“There is no progress in art, any more than there is progress in making love. There are simply different ways of doing it.” Man Ray
Thursday, November 17, 2011
Julian Alden Weir ~ Still Life, ca. 1902-1905 [Indianapolis Museum of Art]; Still Life with Anemones [The Huber Family Collection]; The Delft Plate, 1888 [Museum of Fine Arts, Boston]
Julian Alden Weir, a leading American impressionist, was born in West Point, New York. He was the son of Robert Weir, a drawing instructor at the U.S. Military Academy at West Point, and half-brother of John Weir, first director of the art program at Yale University. He took art classes at the National Academy of Design before traveling to Paris in 1873 to study under the noted French Academician Jean-Léon Gérôme and later at the École des Beaux-Arts.
After trips to the Netherlands and Spain between 1873 and 1877, and summers spent painting in French villages, Weir returned to New York and took a studio near Washington Square, where many of his contemporaries also resided. On a second trip to Europe in 1880, Weir won an honorable mention at the Paris Salon. In Paris, he also purchased works by Manet and Rembrandt for a friend, an American collector and continued to advise American collectors, including Duncan Phillips, throughout his career.
At the time of his marriage in 1883, he acquired a farm in Branchville, Connecticut, where he summered regularly; among his guests were Albert Pinkham Ryder and John H. Twachtman, a close friend who subsequently purchased a nearby farm. The Connecticut landscape appealed to Weir, who used what he had absorbed from French impressionism to create poetic scenes, formed with subtle tones and soft light. During this period, Weir began to experiment with watercolor, pastel, and printmaking, media that seemed to allow him greater expressive freedom. A new loosely brushed, highly toned style gradually transformed his painting style into less formal one, and his acquaintance with Japanese prints, enthusiastically studied by many artists of the time, led him to embrace the asymmetry and unusual cropping typical of the oriental works of art. Writing in A Collection in the Making, Phillips noted that Weir “painted American landscapes in a new high key of color, giving interest to the overhead light in the pale sky of a shadowless summer noon.”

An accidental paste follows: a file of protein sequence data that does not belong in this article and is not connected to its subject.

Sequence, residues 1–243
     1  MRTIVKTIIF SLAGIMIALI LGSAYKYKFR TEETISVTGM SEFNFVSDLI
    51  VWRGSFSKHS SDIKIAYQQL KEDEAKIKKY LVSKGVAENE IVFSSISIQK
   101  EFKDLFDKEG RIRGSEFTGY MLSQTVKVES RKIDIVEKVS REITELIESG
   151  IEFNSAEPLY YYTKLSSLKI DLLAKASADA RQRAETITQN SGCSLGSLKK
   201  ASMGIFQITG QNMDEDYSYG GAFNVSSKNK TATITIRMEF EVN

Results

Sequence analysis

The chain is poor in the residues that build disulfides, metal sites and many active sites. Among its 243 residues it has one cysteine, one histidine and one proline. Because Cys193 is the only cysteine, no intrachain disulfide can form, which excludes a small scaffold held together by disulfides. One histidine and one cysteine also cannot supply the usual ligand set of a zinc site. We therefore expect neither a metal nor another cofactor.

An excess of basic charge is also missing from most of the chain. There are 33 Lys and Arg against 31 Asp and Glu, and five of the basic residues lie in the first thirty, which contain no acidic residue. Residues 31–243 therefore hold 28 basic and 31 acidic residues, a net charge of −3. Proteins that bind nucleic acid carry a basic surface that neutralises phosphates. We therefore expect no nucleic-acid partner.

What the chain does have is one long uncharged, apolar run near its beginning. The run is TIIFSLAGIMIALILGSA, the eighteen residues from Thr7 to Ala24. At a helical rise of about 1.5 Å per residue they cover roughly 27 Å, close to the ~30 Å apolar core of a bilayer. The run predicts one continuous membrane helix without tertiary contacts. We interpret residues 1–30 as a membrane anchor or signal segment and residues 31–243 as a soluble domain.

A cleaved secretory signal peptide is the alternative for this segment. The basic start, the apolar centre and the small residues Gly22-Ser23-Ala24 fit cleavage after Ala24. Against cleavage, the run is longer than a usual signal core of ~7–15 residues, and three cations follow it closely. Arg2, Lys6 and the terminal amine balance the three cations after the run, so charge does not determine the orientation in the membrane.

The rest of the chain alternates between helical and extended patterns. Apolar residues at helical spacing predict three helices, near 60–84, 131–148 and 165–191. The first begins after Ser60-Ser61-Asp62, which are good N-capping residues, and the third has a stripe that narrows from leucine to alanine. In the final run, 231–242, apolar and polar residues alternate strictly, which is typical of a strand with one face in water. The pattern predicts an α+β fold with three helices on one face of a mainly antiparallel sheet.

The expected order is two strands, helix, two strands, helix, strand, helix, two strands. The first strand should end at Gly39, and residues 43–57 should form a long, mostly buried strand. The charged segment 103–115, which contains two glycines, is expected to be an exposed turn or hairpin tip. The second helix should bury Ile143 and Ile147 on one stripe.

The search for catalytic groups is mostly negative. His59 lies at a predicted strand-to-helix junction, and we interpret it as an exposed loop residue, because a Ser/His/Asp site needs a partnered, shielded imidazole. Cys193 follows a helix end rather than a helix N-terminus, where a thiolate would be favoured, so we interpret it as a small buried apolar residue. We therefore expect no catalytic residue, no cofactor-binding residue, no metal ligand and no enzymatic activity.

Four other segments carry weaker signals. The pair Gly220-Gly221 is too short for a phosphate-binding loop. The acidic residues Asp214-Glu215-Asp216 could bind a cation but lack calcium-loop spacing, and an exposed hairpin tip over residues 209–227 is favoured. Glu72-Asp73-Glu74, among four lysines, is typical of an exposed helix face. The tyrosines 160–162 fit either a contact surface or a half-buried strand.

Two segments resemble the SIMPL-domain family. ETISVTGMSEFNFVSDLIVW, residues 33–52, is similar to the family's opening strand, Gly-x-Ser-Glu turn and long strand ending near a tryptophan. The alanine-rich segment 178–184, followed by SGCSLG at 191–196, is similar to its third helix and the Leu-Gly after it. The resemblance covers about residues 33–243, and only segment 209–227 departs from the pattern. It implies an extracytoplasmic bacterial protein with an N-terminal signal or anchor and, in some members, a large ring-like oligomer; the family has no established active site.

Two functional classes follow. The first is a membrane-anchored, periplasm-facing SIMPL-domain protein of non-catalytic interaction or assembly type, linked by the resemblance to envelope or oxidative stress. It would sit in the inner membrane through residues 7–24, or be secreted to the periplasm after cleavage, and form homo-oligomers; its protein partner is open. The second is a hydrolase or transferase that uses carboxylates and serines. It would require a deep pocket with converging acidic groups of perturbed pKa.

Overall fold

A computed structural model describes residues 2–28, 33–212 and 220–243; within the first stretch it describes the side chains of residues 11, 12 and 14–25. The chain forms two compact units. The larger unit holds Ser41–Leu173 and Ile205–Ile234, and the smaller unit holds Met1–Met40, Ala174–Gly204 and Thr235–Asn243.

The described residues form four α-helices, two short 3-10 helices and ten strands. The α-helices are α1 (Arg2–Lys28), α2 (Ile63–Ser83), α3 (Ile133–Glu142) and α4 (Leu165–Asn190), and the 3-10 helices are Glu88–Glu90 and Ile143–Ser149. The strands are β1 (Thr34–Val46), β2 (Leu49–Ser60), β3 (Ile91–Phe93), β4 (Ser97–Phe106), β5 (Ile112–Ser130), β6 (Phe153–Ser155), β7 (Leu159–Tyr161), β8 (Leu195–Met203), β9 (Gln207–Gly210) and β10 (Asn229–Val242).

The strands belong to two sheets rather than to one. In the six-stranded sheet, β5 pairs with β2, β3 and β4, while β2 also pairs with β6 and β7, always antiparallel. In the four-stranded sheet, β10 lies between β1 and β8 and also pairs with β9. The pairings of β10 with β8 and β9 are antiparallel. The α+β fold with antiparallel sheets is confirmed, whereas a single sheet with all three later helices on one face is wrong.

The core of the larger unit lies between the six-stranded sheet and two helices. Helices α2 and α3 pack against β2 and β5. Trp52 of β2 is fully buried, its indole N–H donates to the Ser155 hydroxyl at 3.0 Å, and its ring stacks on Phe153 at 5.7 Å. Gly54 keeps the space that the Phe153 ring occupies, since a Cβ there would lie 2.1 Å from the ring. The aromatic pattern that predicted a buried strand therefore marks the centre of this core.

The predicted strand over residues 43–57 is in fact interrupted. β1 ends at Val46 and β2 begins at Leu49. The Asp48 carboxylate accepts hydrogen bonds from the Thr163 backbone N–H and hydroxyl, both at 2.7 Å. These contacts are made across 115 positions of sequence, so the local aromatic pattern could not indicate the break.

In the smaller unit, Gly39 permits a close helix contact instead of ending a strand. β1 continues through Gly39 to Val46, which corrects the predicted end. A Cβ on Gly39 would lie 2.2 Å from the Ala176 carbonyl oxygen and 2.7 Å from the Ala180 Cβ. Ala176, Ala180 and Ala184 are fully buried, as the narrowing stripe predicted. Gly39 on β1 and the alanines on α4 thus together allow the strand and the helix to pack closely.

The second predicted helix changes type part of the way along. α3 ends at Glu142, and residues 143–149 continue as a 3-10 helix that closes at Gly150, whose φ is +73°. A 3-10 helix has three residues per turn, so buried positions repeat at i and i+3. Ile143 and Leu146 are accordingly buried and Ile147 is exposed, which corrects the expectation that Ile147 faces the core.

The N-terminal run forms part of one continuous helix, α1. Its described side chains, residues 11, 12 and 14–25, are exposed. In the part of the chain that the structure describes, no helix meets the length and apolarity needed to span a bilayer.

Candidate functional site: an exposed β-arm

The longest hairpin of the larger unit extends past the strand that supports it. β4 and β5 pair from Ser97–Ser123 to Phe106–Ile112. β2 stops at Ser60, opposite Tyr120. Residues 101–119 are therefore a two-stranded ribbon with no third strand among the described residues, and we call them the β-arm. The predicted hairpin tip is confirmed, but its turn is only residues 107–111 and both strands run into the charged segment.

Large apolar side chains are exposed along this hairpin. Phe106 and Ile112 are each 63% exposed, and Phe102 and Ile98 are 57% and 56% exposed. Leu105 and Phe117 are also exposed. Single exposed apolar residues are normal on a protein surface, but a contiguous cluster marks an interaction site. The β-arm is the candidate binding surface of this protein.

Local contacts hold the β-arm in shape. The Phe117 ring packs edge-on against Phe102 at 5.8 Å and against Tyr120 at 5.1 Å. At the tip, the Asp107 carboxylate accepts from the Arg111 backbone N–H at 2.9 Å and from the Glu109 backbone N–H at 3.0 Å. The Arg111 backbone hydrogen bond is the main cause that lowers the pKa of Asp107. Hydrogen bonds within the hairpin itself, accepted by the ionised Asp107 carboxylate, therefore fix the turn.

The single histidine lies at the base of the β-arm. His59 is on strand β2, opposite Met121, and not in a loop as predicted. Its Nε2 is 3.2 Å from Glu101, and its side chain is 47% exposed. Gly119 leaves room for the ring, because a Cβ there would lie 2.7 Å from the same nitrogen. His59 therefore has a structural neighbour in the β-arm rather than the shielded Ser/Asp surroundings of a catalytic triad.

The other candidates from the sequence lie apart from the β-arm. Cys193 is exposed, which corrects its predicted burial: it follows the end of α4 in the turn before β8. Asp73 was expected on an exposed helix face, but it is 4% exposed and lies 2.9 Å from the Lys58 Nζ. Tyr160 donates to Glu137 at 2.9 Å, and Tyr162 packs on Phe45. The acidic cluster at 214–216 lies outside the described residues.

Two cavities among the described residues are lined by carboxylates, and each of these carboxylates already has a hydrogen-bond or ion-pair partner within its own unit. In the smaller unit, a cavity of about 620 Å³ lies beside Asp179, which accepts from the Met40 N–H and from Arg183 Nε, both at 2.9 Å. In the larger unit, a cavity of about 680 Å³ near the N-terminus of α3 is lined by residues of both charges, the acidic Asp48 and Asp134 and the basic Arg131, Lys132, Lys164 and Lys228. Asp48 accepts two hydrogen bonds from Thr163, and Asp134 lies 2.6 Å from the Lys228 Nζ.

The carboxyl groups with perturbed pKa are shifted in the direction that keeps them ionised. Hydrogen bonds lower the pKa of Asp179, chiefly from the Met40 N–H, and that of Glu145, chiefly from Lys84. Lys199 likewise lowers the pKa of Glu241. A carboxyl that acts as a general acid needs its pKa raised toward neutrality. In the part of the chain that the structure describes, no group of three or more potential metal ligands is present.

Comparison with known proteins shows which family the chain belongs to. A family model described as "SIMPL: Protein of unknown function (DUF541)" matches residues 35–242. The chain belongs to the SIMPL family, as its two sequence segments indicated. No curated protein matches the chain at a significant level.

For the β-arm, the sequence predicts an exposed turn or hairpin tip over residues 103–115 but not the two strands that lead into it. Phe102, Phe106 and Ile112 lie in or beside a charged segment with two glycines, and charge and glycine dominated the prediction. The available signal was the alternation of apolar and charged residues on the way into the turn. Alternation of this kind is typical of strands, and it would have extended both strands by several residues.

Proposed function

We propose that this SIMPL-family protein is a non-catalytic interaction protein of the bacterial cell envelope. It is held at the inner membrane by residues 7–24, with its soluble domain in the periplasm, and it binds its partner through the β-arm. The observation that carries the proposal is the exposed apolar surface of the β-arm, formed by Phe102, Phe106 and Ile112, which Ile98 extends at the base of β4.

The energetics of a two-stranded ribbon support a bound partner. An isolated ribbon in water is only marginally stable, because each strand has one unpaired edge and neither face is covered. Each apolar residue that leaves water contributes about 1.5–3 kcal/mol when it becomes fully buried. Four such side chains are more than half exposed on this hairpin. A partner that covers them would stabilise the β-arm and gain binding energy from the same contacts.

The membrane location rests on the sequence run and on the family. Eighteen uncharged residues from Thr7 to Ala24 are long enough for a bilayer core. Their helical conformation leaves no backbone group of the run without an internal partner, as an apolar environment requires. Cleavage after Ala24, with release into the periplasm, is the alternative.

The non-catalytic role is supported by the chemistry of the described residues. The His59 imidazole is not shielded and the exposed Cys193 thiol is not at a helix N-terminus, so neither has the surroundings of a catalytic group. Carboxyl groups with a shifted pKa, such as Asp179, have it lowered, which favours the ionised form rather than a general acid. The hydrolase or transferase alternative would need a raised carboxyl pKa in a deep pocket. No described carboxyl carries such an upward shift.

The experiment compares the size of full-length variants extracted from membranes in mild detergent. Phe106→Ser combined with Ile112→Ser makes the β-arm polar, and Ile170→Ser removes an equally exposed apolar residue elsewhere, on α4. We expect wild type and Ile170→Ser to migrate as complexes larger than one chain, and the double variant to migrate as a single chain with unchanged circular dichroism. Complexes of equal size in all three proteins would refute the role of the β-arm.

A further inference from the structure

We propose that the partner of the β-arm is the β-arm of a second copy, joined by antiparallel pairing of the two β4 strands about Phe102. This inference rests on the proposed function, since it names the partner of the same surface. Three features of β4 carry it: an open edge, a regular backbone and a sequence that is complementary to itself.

Made a member of the National Academy of Design in 1886, Weir was also a founding member of the Society of American Artists, the Tile Club, and, in 1898, of the artists group, The Ten. Weir painted a mural for the Columbian Exposition of 1893. The recipient of numerous honors in his last years, including presidency of the National Academy from 1905 to 1917, Weir died on December 8, 1919, in New York.